- Associated Press - Saturday, February 14, 2015

OLYMPIA, Wash. (AP) - State lawmakers are considering sending the class-size initiative approved by voters last November back to the people.

The Olympian reports (https://is.gd/jc9GA1 ) that budget writers may send Initiative 1351 back to voters to ask them to approve a way to pay for the measure. Some would like to see the initiative repealed.

Initiative 1351 calls for reducing class sizes in kindergarten through 12th grade. It is projected to cost the state $2 billion over the next two years.

That adds to the already difficult budget problem of how to increase the public school budget by at least $1.2 billion to comply with a state Supreme Court order to hike education spending.

Some of the money to be spent as a result of the Supreme Court’s ruling will go toward lowering class sizes, but most lawmakers say that won’t satisfy the requirements of the voter initiative. Lawmakers also don’t have the option of partial compliance with the initiative unless they have enough votes to suspend it.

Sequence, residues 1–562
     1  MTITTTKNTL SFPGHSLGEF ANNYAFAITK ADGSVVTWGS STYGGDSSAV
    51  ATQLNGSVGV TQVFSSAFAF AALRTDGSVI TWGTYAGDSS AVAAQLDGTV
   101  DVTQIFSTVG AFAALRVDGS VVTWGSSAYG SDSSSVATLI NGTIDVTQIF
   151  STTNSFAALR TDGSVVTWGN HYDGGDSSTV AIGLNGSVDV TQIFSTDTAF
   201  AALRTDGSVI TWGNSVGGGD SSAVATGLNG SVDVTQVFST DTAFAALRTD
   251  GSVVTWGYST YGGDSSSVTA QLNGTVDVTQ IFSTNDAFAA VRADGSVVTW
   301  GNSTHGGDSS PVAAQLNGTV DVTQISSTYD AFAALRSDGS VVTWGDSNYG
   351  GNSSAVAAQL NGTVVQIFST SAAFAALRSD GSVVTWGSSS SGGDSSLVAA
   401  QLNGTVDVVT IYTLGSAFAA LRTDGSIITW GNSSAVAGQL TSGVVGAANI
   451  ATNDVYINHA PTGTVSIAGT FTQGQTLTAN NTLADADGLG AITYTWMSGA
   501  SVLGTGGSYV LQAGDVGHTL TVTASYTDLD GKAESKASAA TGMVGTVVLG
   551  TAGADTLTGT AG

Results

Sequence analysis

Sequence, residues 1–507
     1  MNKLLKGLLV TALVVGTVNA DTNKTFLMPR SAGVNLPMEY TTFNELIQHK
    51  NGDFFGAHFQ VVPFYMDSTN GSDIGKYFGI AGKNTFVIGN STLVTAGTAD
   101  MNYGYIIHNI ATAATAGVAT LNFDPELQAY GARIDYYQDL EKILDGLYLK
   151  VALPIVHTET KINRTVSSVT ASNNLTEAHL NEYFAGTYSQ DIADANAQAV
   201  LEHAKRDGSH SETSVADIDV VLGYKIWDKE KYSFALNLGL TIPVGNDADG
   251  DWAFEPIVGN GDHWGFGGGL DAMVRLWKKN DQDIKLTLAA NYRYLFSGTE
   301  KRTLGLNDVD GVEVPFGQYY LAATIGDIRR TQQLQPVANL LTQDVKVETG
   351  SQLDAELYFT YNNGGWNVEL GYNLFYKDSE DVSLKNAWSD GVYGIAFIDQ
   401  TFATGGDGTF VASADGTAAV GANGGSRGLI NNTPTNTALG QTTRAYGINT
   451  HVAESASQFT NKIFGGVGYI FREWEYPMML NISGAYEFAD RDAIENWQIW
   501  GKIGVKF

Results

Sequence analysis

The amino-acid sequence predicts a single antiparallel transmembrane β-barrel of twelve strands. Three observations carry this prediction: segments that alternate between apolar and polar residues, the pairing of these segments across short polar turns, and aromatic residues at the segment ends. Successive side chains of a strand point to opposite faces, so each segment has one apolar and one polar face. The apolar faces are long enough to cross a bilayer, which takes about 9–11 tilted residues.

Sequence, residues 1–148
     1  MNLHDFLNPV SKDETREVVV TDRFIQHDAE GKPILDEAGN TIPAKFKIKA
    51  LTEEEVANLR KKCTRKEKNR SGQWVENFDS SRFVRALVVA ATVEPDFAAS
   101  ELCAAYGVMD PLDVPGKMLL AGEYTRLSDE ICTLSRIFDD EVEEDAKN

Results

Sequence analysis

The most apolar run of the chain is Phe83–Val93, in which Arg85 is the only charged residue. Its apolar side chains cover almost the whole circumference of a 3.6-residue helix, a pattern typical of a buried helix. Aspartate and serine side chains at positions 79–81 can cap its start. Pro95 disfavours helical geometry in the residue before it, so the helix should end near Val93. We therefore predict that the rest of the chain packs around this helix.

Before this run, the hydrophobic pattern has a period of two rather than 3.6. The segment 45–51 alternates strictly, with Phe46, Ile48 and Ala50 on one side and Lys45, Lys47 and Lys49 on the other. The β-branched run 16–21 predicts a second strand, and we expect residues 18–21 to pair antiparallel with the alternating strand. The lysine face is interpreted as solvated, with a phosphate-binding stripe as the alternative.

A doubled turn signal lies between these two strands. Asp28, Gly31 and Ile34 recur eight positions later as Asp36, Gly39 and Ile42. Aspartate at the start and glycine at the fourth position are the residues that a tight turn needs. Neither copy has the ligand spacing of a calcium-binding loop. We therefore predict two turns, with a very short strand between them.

Referring I-1351 back to the voters is one way lawmakers could get around the problem. Putting an amended version back on the ballot would require the approval of 50 percent of the members plus one, instead of the two-thirds majority required to suspend the initiative.

Sen. Andy Hill, R-Redmond, said referring a “corrected version” of I-1351 back to voters is one tool he and other lawmakers are considering as they craft a new two-year budget.

“I have yet to find a legislator or the governor who says they can find a way to fund it,” said Hill, who chairs the Senate Ways and Means Committee. “So we will find a way to correct it.”

House budget writer Rep. Ross Hunter, D-Medina, said his preference would be for the Legislature to amend or suspend I-1351 without a public vote. But he agreed that it could be difficult to summon the two-thirds majority required in the Legislature to do so.

As a backup plan, Hunter said he also is researching how lawmakers might send I-1351 back to voters.

If the Legislature goes that route, Hunter said he would want to ask voters to approve one of two options: Either repeal I-1351, or enact an amended version of the initiative that includes a way to pay for it.

That way, there wouldn’t be the potential for voters to reject the Legislature’s plan and stick with the original version of the law, triggering a new budget crisis in 2016, Hunter said.

It doesn’t appear as if the Legislature has tried something like this before.

The Secretary of State’s elections division “has no record of this occurring” in state history, agency spokesman David Ammons said. “It’s uncharted territory,” he said.


Information from: The Olympian, https://www.theolympian.com

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